Chart 2: Inflation rates worldwide

All this has a bearing on the stagflation which some now think will stalk economies and markets. We can see the inflation part of this unfriendly mix already. Many of the main economies are now slowing. The US is entering a period of tough monetary tightening which is designed to reduce growth and slacken demand. The German economy saw falling GDP in the fourth quarter of 2021 and is seeing downward revisions to growth for this year.

Whilst the richer, better paid in advanced countries have some savings to draw on to sustain their discretionary purchases as their food and heating bills rise, many on lower pay have no such cushion. For them, paying so much more for heating means cutting out items that they would like but can no longer afford from family budgets. By these means inflation in the costs of the basics reduces demand for the discretionary. For a time, you can experience high inflation and poor demand growth.

There are three possible outcomes

If all goes well, the monetary tightening and government actions starts to bring inflation down, and the central bank can then allow a policy which permits some better growth again. Markets will respond favourably after the adjustment to higher interest rates. If the central banks fail to regain control of inflation, employees may succeed in demanding higher wage settlements and a fast inflation sets in, which requires tougher action by the authorities. As wage rises try to keep up with price rises, companies need to continue to put up prices to cover more of their increased cost. If the central banks and governments overdo the austerity, then they will collapse inflation – but at the price of creating a recession.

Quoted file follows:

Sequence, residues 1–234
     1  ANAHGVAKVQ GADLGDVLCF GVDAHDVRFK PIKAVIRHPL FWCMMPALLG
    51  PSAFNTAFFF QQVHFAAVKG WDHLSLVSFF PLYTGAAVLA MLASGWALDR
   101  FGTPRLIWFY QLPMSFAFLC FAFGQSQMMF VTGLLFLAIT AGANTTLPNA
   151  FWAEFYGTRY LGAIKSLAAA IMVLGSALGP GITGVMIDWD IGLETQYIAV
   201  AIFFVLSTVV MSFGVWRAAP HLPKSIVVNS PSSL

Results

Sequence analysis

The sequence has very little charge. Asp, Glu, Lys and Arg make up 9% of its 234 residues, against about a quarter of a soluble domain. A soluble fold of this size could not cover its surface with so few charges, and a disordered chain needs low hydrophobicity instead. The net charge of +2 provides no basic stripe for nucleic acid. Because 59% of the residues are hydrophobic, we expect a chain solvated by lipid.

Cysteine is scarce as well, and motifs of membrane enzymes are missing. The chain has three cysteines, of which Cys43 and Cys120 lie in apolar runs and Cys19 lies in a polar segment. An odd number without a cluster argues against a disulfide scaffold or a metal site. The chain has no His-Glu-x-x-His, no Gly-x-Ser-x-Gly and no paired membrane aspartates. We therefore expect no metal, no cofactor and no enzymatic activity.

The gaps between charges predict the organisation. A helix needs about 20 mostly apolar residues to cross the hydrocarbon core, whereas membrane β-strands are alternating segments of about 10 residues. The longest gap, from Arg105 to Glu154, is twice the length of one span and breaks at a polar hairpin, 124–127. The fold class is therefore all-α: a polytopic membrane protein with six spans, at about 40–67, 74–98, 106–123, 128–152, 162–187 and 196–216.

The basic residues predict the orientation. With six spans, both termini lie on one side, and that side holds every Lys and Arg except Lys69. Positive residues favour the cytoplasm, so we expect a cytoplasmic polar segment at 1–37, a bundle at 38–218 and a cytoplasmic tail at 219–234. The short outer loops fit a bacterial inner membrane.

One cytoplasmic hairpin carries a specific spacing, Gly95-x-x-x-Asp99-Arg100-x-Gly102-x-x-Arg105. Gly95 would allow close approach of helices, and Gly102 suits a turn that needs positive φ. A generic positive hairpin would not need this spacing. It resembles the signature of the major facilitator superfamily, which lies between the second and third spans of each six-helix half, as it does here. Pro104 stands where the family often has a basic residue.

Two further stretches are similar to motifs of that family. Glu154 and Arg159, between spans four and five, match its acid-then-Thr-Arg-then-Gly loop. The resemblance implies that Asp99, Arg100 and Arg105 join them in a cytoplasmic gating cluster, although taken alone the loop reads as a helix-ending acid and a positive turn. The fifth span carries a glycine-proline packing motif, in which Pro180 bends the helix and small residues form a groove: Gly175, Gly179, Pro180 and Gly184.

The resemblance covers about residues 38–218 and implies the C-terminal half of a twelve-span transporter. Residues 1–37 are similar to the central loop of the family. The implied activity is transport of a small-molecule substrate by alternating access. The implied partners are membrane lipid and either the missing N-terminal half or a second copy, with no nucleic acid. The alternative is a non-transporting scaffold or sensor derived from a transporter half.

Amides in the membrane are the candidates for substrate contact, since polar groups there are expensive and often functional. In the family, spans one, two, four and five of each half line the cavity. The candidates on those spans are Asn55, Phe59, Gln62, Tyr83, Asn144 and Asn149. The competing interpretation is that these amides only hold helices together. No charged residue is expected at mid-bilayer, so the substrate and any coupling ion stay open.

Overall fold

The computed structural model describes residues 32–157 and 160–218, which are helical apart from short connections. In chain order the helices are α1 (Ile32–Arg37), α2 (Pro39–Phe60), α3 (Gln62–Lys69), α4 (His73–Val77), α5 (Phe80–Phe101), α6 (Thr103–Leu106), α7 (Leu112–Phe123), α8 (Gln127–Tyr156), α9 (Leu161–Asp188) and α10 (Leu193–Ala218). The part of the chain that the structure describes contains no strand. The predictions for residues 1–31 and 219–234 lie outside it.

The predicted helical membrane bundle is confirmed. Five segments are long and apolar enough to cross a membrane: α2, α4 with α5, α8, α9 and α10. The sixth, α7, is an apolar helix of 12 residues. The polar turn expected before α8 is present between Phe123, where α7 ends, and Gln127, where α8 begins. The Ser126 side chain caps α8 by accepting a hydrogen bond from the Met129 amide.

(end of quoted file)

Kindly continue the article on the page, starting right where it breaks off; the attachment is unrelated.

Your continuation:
The new worries about food and energy are leading to more interventionist policies.

Meanwhile, the pressure on family budgets has a direct impact on public opinion and voting patterns. Marine Le Pen in France is playing up the cost-of-living squeeze to maximise her vote against Emmanuel Macron. She is promising tax cuts to alleviate the budget pressures. In Sri Lanka, people protest to replace the President based on the difficult economic circumstances. In the US, President Biden makes getting inflation down a prime issue as he seeks to reclaim the votes rising prices are taking away from his party in the polls.

The new worries about food and energy are leading to more interventionist policies as governments try to find ways to bolster domestic output and as they seek imports from friendly and reliable sources. We will watch these food markets carefully and monitor the success of the main central banks in judging how far to go in curbing inflation. This will be the major influence on asset markets as investors respond to the way central banks seek to get inflation down without bringing on recession.

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Stresses over food and energy